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How to Manage Work and MS

By Daryl H. Bryant (427 words)
Posted in Living with MS on March 28, 2018

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How to Manage Work and MS

One of the scariest things for people diagnosed with MS is how the disease will affect their work. From choosing whether to disclose your MS to your employer to determining if any accommodations need to be made, I’ve compiled some helpful ideas to show you how to manage work and MS.

Should I Tell My Boss I Have MS?

Whether or not you should tell your boss about your MS is one of the first decisions you have to make when you receive your diagnosis. There are no rules that require you to share your health information with your employer, so if you aren’t ready, don’t feel pressured to do so. However, if you find that you need some accommodations in order to perform your job successfully, you will need to have a discussion with your employer about your health and the accommodations you need. Remember that you have a right to reasonable accommodations in the workplace so don’t settle for status quo if you need some minor changes to perform your job duties. Learn more about accommodations from the Job Accommodations Network.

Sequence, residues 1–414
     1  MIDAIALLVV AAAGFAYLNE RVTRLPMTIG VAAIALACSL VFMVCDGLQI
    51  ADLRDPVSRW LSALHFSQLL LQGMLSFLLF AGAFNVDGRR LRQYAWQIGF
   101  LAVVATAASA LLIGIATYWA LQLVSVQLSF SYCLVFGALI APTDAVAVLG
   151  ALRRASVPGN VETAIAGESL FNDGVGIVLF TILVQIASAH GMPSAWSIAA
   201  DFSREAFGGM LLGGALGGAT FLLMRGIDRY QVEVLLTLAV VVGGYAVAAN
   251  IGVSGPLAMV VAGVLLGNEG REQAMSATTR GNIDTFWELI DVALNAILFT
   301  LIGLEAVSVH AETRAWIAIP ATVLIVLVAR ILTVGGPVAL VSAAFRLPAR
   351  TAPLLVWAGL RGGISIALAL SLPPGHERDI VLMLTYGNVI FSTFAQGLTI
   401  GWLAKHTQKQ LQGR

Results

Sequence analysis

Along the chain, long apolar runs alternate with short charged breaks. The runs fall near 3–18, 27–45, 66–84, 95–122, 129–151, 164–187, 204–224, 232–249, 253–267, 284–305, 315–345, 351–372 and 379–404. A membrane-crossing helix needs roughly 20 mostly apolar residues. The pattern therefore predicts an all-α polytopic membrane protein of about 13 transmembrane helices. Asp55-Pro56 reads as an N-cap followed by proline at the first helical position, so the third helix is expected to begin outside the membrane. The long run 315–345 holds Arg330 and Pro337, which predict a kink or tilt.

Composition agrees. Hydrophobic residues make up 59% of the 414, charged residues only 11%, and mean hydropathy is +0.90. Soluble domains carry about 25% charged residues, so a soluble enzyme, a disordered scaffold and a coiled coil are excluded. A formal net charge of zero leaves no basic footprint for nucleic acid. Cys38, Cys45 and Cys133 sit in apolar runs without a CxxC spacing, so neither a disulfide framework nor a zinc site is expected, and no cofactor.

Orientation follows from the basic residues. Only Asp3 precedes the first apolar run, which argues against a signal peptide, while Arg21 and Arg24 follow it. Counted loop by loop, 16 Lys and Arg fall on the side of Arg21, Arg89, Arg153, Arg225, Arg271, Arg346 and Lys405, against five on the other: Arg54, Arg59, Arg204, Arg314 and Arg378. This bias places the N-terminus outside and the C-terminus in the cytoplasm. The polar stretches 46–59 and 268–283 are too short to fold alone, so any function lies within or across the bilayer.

How to Manage Work and MS

Jobs are demanding and stressful, but working with MS just adds to the toll. The three main MS symptoms that affect job productivity include fatigue, mobility issues, and cognitive impairment (brain fog, memory issues, etc.). Bundling tasks is just one way of decreasing MS fatigue at work. For example, if you need to visit with multiple co-workers throughout the day, make all of your stops on a single round rather than darting back and forth all day. For mobility issues, accommodations can usually be made to help you get around more easily. Cognitive impairment can be a major challenge. Organize your tasks so that you work on those that require the most brain power when you are at your sharpest - usually the morning. Then, work on tasks requiring less attention later in the day. Learn more about reducing MS related stress at work.

Can You Work With MS?

The majority of people who have MS are able to continue working, but if your symptoms are standing in the way of completing tasks successfully - even after reasonable accommodations have been made, it may be time to reevaluate. That doesn’t mean you have to give up working entirely. Perhaps you just need a subtle shift in career choice. Consider freelancing from home or putting your current skills to use in a new job that fits better with your limitations.

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